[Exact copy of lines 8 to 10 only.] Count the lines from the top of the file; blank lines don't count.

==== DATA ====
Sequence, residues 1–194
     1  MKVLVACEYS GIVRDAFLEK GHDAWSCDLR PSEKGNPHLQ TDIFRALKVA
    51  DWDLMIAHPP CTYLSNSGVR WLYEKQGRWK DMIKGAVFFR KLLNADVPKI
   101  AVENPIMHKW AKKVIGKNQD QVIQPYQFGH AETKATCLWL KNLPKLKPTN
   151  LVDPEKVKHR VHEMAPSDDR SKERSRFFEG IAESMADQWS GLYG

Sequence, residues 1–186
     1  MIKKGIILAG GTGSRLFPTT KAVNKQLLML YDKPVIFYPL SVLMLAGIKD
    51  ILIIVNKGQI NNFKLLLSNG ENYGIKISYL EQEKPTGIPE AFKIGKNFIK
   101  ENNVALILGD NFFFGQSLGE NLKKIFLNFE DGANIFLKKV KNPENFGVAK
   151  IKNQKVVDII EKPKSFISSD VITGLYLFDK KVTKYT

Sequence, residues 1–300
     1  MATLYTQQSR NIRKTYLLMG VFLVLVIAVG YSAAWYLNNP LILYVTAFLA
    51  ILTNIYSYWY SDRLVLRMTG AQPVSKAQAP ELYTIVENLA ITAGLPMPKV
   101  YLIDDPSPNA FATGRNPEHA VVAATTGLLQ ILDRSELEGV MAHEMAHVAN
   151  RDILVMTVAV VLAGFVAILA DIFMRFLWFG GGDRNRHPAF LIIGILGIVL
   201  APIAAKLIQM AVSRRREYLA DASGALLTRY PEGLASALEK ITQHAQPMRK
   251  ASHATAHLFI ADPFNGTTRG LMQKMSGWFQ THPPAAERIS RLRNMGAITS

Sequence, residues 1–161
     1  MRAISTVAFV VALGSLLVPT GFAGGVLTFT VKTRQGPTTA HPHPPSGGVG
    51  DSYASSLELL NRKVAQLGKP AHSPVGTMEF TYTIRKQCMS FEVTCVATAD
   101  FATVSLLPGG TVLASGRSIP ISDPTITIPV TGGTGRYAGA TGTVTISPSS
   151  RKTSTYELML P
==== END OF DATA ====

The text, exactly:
    51  ILIIVNKGQI NNFKLLLSNG ENYGIKISYL EQEKPTGIPE AFKIGKNFIK
   101  ENNVALILGD NFFFGQSLGE NLKKIFLNFE DGANIFLKKV KNPENFGVAK
   151  IKNQKVVDII EKPKSFISSD VITGLYLFDK KVTKYT